Bailey is practically cocooned by people who love and appreciate him—his brother, his mother and his father—“a great man” George calls him. There are also Uncle Billy (Thomas Mitchell) at the bank and that high school sweetheart, who prefers him to rival Sam Wainwright, and the local policeman (Ward Bond) and cab driver (Frank Faylen), who join George in gawking at the town flirt (Gloria Grahame). His childhood boss the druggist (H. B. Warner again) gives him a suitcase for one of those planned escapes, this time to Europe, that never materialized.
The best part of Wonderful Life, at least for me, begins with the appearance of George’s guardian angel—no, not “Gabriel” as George once calls him, but Clarence, Clarence Oddbody, delightfully played by Henry Travers. Clarence has frustrated George’s suicidal plans by jumping from a bridge into the river, prompting George to save him. In the extended scene in the bridge tender’s shack, where the two are drying out, Clarence explains his origins, mission and “ASC” classification—Angel Second Class, without wings.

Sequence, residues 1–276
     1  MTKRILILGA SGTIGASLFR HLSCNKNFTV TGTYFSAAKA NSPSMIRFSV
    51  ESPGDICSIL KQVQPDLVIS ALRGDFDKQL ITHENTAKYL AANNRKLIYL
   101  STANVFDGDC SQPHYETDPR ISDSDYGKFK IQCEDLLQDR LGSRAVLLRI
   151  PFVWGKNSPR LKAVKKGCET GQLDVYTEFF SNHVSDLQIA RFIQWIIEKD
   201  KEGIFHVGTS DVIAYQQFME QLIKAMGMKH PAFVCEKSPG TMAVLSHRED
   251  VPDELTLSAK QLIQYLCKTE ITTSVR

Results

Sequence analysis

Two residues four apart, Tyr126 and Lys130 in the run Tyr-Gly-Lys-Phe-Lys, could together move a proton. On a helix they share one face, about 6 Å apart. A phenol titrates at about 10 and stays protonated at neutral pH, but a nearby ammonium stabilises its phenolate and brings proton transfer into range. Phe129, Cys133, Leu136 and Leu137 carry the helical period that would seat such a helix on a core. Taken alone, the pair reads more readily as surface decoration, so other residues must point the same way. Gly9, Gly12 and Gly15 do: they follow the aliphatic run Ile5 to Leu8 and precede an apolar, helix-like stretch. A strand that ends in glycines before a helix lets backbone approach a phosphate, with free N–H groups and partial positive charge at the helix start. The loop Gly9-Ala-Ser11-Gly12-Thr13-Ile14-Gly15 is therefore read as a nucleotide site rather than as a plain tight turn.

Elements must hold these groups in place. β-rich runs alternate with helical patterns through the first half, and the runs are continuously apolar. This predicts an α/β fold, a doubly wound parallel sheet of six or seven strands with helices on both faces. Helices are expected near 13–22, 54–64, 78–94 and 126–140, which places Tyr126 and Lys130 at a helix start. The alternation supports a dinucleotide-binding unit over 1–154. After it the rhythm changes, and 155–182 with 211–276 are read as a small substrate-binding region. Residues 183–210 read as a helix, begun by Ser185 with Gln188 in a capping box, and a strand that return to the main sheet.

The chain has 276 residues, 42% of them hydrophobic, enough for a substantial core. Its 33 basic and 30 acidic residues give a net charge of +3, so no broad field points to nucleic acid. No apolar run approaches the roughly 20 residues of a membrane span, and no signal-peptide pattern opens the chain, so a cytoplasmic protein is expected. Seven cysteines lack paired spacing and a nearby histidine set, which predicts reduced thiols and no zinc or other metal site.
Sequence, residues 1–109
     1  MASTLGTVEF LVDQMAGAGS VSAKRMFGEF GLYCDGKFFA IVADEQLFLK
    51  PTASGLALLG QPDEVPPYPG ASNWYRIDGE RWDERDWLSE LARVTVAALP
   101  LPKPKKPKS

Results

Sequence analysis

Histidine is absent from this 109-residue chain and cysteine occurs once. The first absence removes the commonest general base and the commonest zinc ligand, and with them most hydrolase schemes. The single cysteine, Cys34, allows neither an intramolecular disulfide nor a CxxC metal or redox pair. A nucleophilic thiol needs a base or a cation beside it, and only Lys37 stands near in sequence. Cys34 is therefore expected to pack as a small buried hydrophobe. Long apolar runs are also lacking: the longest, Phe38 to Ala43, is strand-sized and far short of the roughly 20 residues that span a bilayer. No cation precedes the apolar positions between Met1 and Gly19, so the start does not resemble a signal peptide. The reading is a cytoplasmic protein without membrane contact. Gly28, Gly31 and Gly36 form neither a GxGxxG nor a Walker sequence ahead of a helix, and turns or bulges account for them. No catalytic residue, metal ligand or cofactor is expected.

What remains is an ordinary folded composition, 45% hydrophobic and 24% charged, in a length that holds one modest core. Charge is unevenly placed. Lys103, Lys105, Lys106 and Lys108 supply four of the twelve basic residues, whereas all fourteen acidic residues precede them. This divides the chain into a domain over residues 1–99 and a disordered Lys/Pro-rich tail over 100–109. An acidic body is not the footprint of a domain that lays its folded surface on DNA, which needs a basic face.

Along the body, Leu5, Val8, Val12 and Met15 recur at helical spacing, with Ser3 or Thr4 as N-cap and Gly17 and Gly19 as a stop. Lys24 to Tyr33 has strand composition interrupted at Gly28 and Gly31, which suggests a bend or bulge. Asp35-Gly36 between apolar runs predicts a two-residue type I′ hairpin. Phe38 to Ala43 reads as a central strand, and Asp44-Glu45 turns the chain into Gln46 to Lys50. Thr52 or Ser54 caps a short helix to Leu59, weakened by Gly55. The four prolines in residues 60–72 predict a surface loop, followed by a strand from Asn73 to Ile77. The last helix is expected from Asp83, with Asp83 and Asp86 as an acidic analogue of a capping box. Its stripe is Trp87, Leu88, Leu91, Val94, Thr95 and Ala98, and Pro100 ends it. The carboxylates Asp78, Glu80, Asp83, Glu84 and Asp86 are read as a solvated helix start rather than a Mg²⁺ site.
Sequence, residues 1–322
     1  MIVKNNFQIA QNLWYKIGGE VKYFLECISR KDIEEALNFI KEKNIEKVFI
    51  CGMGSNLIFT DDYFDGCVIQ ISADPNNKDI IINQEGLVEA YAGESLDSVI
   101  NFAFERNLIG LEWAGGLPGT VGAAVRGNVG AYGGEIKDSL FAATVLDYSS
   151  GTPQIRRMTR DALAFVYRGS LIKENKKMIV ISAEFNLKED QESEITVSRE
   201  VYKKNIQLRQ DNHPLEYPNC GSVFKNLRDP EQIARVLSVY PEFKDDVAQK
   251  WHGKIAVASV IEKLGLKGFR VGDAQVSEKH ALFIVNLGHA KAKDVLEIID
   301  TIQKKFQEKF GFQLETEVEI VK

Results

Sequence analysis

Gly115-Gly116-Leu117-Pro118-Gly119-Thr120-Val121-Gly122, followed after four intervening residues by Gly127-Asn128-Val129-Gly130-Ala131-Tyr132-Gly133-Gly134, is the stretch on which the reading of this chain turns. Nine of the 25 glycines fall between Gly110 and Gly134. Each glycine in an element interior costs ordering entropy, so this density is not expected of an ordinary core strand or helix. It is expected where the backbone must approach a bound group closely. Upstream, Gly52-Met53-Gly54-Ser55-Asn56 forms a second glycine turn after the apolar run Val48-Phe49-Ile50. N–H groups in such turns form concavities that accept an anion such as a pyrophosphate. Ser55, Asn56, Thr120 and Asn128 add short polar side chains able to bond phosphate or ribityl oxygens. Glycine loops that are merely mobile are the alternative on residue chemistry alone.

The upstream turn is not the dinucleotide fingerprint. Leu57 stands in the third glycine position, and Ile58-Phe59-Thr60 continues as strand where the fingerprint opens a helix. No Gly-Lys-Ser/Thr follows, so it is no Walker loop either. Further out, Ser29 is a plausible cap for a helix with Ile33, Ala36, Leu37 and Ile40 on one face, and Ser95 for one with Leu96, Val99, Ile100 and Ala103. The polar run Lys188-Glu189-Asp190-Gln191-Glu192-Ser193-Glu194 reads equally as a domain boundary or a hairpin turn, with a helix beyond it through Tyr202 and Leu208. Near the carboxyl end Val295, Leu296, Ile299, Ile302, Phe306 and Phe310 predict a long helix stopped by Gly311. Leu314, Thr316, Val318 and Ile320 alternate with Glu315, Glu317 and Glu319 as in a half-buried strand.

The dialogue is relaxed yet incisive. Effective, too, are the subtle changes which occur after Clarence has granted George’s wish of never having been born. George doesn’t catch on, even when he can suddenly hear out of his left ear, when the bloody lip from an earlier brawl has healed, when the wet clothes on the line are suddenly dry and when a gust of snow blows open the door. (Technically, if George Bailey had never been born, he’d simply vanish, wouldn’t he? One doesn’t question the logic in a fantasy!) The bridge tender’s reactions to what he overhears—taking second looks and collapsing in his chair—are priceless. He finally flees, pausing to look back in bewilderment through the windows.